Exhaustion of Domestic Remedies and Procedural Limits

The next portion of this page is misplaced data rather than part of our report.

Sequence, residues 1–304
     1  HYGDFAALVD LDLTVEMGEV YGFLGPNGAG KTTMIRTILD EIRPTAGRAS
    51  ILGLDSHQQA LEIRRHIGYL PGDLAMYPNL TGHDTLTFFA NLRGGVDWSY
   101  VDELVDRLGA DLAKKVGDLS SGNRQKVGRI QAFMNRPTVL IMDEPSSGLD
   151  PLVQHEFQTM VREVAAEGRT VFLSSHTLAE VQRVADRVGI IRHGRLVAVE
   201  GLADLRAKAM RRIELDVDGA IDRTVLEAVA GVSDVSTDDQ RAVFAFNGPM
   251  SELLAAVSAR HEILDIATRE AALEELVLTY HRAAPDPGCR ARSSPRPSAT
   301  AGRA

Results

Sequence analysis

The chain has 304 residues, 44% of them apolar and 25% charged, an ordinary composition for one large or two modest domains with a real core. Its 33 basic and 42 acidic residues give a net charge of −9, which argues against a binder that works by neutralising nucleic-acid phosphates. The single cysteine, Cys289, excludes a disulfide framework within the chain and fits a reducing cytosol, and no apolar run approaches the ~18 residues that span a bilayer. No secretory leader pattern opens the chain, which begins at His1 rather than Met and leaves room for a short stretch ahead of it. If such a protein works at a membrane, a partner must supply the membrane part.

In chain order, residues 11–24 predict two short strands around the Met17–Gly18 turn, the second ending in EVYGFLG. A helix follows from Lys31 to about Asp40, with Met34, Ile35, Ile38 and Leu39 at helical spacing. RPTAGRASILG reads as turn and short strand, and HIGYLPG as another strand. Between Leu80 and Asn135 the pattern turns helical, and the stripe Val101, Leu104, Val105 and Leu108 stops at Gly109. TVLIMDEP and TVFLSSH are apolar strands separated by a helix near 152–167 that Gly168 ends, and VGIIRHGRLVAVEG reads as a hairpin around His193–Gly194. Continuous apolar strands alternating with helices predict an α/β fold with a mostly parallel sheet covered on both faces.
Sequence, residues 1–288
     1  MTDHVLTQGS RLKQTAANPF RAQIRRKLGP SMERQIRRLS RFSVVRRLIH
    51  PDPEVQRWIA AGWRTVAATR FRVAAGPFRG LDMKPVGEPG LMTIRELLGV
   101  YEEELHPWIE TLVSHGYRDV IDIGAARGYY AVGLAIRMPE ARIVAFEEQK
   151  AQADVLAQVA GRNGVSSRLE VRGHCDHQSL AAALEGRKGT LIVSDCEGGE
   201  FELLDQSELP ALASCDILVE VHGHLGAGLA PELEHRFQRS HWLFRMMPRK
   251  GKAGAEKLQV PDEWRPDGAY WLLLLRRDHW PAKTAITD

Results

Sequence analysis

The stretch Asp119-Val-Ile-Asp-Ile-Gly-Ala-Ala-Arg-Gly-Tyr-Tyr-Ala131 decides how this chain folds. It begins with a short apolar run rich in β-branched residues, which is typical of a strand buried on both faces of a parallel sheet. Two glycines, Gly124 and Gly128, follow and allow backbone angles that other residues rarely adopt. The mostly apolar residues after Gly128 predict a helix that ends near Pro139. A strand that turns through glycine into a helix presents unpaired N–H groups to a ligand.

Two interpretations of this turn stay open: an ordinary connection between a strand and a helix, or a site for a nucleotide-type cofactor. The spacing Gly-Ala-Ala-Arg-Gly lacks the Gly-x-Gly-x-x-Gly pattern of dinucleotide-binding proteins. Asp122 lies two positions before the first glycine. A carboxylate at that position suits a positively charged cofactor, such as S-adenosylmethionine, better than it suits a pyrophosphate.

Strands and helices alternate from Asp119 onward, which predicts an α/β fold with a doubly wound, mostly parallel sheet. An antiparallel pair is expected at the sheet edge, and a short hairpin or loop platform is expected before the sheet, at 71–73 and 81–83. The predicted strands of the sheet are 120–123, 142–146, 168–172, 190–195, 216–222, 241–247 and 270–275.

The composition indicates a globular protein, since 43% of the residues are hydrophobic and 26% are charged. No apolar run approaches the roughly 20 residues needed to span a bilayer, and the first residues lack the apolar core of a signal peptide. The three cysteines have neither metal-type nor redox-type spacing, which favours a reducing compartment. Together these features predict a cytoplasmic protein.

To conclude, a few remarks on the last ‘obstacle’ faced by the petition in the admissibility phase: the exhaustion of domestic remedies (Art. 7 Lit. e of the Optional Protocol). The communications 104-108/2019 all fell through Art. 7 lit. e of the Optional Protocol, hence are inadmissible, as the domestic remedies have not been exhausted. Exempt from this requirement are communications when the “application of the remedies is unreasonably prolonged or unlikely to bring effective relief.” Although the plaintiffs argued that first their case would have been “unduly prolonged” due to backlog in many courts and that it will be practically unreasonable to bring the case in all different countries involved at the same time. Second, as highlighted by Boyd and Knox in their third-party intervention submitted on May 1, 2020, “remedies from individual domestic courts will not be effective in isolation, as a single domestic court clearly lacks the jurisdiction to impose obligations on other States to cooperate internationally to resolve the climate crisis” and that the Committee has the expertise to consider matter that involve multiple states parties (para. 50). The Committee did not consider this tp have “sufficiently substantiated their arguments” (para. 10.19) and at the same time in the open letter sent to the children it noted that “although we entirely understood the significance and urgency of your complaint, we had to work within the limits of the legal powers given to us under the optional protocol on a communications procedure.” This decision contributes to highlighting how ‘global challenges to the human rights,’ such as climate change, require crossing the limits of our legal frameworks, including its procedural limits, to seek effective remedies. The ECHR has now the opportunity to provide guidance on the admissibility requirements in the Claudia Duarte Agostinho pending case and it is important to see if the ECHR will reach the same conclusions on the exhaustion of local remedies and the role of domestic courts.